There’s always the question of where do we draw the line? If a main character is slut-shaming without punishment, is it a dealbreaker for you? As far as feminism goes, do you suspend your beliefs sometimes for a really good story? I’ve pulled a few examples below to explain what I mean, depending on the situation.

the heartbreakersI read The Heartbreakers by Ali Novak and had to DNF after 100 pages or so. I feel like I somewhat overreacted though and would consider reading a bit more of this. Regardless, the biggest thing that bugged me was the characters inconsistent feminism. In my review, I talked specifically about what annoyed me:

“The main character seemed to have a sort of “selective” feminism. She called her brother out for using her in a bet as a piece of meat, but she didn’t say anything when the boy she likes is sexist about girls and their favorite movies. She proved him wrong by telling him her favorites aren’t The Notebook and Titanic, but she wasn’t at all insulted that he assumed that. It just seemed weird that she’d yell at her brother for something like that but let the boy she (insta)likes do it without a problem.”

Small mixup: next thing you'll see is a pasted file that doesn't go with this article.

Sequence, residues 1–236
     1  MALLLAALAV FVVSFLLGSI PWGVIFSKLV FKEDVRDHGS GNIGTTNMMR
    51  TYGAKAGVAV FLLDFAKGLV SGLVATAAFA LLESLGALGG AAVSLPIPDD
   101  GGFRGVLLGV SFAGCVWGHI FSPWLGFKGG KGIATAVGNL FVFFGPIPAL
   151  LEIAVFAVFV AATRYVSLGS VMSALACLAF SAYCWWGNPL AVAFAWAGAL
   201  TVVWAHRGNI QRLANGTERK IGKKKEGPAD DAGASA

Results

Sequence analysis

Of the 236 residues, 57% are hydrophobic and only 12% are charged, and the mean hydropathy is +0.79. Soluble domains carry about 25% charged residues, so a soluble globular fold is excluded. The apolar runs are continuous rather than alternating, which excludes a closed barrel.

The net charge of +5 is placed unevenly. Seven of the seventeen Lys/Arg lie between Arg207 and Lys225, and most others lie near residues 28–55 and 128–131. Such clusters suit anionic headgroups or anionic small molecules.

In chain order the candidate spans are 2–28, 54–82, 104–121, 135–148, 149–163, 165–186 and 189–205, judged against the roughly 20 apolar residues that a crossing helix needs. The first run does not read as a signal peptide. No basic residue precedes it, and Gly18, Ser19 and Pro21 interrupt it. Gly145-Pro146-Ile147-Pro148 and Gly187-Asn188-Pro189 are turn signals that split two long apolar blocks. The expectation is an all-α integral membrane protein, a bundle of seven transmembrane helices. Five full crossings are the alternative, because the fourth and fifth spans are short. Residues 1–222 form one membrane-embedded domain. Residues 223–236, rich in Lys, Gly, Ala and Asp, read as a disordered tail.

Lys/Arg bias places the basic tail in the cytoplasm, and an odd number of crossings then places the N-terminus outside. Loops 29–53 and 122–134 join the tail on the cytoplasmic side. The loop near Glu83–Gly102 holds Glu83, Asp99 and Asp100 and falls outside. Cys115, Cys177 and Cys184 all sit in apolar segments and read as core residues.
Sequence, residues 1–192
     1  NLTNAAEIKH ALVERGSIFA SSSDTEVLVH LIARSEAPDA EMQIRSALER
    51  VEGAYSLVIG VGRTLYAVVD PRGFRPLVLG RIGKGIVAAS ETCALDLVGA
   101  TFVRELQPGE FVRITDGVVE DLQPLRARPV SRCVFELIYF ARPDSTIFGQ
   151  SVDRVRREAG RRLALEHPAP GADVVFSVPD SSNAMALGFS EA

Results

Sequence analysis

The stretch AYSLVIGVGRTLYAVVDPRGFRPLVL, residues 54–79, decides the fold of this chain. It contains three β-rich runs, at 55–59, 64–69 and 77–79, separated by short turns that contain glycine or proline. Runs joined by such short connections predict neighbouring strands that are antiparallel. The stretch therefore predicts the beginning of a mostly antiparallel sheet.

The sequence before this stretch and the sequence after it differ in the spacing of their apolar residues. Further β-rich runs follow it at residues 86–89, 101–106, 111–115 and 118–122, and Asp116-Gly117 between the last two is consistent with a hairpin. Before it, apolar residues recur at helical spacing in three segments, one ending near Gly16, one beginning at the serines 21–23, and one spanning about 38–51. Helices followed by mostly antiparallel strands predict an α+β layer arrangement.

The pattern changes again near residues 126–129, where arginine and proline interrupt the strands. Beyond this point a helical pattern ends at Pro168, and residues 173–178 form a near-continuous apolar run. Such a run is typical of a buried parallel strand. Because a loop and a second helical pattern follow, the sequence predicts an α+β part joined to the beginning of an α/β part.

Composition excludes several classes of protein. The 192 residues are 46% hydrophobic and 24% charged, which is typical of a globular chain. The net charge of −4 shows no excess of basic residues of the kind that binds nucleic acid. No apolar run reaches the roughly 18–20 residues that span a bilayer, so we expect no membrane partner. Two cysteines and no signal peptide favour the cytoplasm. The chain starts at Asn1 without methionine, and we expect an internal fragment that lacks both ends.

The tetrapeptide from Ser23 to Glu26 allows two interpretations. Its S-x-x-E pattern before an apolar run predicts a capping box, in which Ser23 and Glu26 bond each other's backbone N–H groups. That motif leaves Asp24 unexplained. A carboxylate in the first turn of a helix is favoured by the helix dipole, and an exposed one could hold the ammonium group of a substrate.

I know the book wasn’t purposely trying to make the character a feminist (or not a feminist), it just bugged me that she had no consistency between the two situations. You can’t let the guy you like get away with murder while criticizing your brother for the same thing. Be consistent at least. If one of the above situations happened and the other didn’t, I probably wouldn’t have thought anything of it. Again, I think I was too nitpicky with this book but it’s worth mentioning.Bow_2A Court of Thorns anacotard Roses by Sarah J. Maas did overall have some insanely fantastic reviews, mine included. I absolutely adored this book… so much that I let some things slide that I usually would have zero tolerance for. The main love interest is a bit forceful with Feyre one night and tells her that he can’t control himself. In general, this is abusive behavior that shouldn’t be tolerated. Don’t claim you have no control as an excuse for potential rape. The situation is a bit different in this book because of the magic involved, but I wonder how necessary that part of it actually is? Tamlin was incredibly possessive, which in the end makes sense based on some ~things~ you learn. Regardless, I think I let my overarching feelings about abuse, control, and possessiveness slip away during this book. I talked with Cristina by email after we both finished ACOTAR (primarily to flail) and kind of figured out what it was that made us feel somewhat okay with the controlling relationship. Usually his control had something to do with protecting people, including Feyre, from magic he couldn’t control. Cristina said she doesn’t think he has an “inherently controlling personality” but mostly comes from his position on the court. I agree… but there were some times that the feminist part of me cringed while reading.Bow_299 datsI think this was THE book to discuss slut-shaming so far this year. 99 Days by Katie Cotugno was definitely a polarizing read, to say the least. It was hard for a lot of people to root for a main character who is seemingly hurting everyone around her and being selfish. From my review: